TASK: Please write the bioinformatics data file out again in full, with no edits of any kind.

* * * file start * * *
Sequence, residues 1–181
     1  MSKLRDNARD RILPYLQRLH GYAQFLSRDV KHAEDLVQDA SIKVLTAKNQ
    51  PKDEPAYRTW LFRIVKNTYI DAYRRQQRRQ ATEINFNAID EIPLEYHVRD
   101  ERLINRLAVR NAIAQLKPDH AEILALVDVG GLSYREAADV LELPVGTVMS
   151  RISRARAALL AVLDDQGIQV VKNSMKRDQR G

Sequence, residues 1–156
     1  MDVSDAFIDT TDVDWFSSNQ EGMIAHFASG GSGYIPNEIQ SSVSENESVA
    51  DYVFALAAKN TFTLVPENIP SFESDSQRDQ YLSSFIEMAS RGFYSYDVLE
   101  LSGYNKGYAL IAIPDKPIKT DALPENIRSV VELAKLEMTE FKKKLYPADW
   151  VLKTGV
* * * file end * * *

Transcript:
Sequence, residues 1–181
     1  MSKLRDNARD RILPYLQRLH GYAQFLSRDV KHAEDLVQDA SIKVLTAKNQ
    51  PKDEPAYRTW LFRIVKNTYI DAYRRQQRRQ ATEINFNAID EIPLEYHVRD
   101  ERLINRLAVR NAIAQLKPDH AEILALVDVG GLSYREAADV LELPVGTVMS
   151  RISRARAALL AVLDDQGIQV VKNSMKRDQR G

Sequence, residues 1–156
     1  MDVSDAFIDT TDVDWFSSNQ EGMIAHFASG GSGYIPNEIQ SSVSENESVA
    51  DYVFALAAKN TFTLVPENIP SFESDSQRDQ YLSSFIEMAS RGFYSYDVLE
   101  LSGYNKGYAL IAIPDKPIKT DALPENIRSV VELAKLEMTE FKKKLYPADW
   151  VLKTGV